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With the flood water moving in and affecting the lives of millions of people in Thailand and the region, and with climate change proponents predicting more of the same in the years ahead, it might be wise to have some plans in place to protect your transportation.
Here are some practical ways to avoid flood damage to your car.
On the road
First here are some things to consider when you are travelling in a car during a flood.
1. Don't be a hero!
First and foremost, don't take unnecessary risks. If you are approaching a flooded road, the best option might be to turn back and try to find another way, or just go back and abandon the journey. It doesn't matter how good your car is, or how great a driver you are, driving on flooded roads is dangerous and you need to consider the risks before you proceed.
2. Plan ahead
Before setting out try to do as much fact finding as you can. Avoid flooded roads if possible. Know your vehicle. Check the location of the air intake for the engine. You will want to be sure that the water doesn't enter here.
3. Drive slowly, but keep the revs up
If you have no choice but to brave the water it is important to drive slowly, while maintaining engine revs. This will help prevent the car from stalling, while also preventing water from getting into the exhaust pipe. Usually the water will be deeper to the sides of the road, so try to drive in the centre, or where the water appears to be shallowest.
4. Stay alert!
I know it goes without saying, and you should always be alert when driving in any conditions. But driving on flooded roads requires extra attention. Sometimes pavements/islands and other road features are not visible, and it makes navigation difficult. If the roads have been flooded for some time, there may be damage to the road surface that is not visible for the same reasons. It is sometimes best to follow another vehicle at a distance and observe their path and follow their track.
5. Know when to quit
If there is a surge and your car is being inundated, it might be best to abandon ship. And a car is just a car. Life is more important.
Protect your car
Many people in Bangkok are taking extraordinary steps to protect their cars from the surge of water, ranging from adding plastic pipes to their cars to double parking on an elevated highway. But what should you to to protect your car?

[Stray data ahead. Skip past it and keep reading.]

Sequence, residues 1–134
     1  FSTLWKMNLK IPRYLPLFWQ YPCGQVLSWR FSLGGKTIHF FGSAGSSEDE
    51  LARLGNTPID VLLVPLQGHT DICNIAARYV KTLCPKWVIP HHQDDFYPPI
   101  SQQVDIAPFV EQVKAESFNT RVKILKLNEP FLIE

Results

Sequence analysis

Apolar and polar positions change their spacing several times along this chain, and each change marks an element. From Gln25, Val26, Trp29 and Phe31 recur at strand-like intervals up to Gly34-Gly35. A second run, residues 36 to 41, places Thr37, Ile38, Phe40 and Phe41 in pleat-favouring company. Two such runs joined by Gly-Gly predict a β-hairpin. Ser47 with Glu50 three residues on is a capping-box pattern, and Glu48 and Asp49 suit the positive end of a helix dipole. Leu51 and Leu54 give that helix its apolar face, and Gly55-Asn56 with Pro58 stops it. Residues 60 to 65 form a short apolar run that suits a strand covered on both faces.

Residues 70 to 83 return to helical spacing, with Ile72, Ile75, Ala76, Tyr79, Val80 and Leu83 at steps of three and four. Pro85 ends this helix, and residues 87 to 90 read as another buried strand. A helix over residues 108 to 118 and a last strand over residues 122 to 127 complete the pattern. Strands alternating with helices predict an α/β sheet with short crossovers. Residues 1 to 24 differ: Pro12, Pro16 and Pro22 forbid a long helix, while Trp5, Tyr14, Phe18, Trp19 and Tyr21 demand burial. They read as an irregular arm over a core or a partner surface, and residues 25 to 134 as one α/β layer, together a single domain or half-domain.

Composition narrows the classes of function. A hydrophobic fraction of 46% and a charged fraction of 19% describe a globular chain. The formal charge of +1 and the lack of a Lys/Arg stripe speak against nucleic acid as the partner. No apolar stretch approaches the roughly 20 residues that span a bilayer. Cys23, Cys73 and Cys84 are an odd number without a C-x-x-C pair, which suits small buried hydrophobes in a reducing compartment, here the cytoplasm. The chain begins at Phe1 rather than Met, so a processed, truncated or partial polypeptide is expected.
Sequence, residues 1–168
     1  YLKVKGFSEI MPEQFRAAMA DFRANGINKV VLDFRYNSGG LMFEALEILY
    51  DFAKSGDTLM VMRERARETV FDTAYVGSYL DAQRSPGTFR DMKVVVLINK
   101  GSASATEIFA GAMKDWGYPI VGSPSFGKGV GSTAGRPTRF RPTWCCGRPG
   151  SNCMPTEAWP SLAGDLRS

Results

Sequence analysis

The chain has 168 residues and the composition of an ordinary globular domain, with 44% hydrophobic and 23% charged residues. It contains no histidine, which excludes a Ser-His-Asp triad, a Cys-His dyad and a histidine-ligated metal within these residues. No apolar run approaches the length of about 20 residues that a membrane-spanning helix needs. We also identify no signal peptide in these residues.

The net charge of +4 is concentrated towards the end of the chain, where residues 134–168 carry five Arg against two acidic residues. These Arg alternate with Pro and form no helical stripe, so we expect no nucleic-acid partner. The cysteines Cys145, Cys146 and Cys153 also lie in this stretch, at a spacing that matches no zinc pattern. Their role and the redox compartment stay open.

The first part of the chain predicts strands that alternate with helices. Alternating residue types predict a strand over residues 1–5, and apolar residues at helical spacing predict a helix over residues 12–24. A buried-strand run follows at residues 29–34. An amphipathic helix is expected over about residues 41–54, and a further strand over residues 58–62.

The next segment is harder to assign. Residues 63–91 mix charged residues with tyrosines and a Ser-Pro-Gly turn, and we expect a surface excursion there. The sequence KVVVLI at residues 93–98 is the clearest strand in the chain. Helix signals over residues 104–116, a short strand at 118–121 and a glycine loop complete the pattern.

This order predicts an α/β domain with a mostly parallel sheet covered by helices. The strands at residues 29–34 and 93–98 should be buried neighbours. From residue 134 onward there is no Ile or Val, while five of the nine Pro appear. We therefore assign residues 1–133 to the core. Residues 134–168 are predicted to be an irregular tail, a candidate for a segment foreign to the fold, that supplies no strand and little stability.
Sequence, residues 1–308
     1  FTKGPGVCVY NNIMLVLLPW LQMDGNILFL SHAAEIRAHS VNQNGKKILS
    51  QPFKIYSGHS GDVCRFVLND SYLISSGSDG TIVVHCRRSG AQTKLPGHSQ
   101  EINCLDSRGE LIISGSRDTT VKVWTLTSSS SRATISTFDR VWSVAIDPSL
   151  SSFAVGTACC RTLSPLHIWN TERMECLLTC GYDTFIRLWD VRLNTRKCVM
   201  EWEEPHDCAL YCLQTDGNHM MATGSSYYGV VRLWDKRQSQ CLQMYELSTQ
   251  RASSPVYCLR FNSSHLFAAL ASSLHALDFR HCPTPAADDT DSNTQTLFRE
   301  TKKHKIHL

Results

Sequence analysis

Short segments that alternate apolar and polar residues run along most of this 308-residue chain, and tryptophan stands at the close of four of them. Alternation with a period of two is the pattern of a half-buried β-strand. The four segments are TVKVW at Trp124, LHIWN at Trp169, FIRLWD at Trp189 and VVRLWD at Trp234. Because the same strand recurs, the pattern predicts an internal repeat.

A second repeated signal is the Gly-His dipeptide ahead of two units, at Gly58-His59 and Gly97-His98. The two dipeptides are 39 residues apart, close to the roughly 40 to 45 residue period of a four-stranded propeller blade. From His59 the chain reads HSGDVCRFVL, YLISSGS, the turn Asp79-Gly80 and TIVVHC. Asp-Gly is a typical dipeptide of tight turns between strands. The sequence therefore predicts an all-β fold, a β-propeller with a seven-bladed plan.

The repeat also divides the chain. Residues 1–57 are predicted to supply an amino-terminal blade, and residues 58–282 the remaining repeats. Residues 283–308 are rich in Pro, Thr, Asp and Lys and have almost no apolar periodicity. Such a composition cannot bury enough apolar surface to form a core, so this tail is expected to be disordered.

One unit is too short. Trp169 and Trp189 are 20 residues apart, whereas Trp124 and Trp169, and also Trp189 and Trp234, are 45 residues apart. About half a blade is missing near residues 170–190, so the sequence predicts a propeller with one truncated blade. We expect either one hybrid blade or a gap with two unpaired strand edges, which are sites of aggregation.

1. Park safely
Obviously, the best way to protect your car is to park it somewhere that it will be safe from the flood. If your residential parking space is in a flood prone area it is best to seek out a space at one of the many multi-storey car parks which are currently providing spaces for this purpose. However, at time of writing, most of these are already full.
Parking on a flyover bridge, or an elevated road is an option that many have adopted. This is not without its share of risk however, and you should think carefully before going down this route. There is a high risk of theft, as there will not be any security for cars parked in this way.
2. Raise it up!
If you really can't find safe and high ground to park you vehicle, you might consider raising it up to a safe height. This can be done safely using the standard car jack that came with your vehicle, and suitable concrete blocks. If in doubt get help from somebody capable.
3. Check with your insurance company
This is something simple that will be a big help in the event that your car does suffer water damage from flooding. Call your insurance provider and ask for clarification of your cover. They might have some advice for you too. For example, a friend of mine with first-class insurance was advised to disconnect the battery and block the exhaust pipe, and was assured that the insurance would cover everything.
4. Don't be a hero
If your car is in trouble, don't risk your own safety or the safety of anybody else trying to protect your car. It is just a machine, and it is replaceable. Also, while flood water might cause some damage to your car, it will most likely be salvageable.
5. Don't modify the car!
If you have a vehicle with a raised air intake and all the extras that make it suitable for traversing rivers, that's great. But modifying your car in a knee-jerk fashion by attaching plastic sheets in front of the radiator, or strapping waste pipe to the exhaust will probably cause more harm than good.
Vehicle manufactures do test their cars, and they are able to cope with some flooding. Home-brew solutions will most likely fail in adding to the performance of your vehicle.
Keep safe and God bless.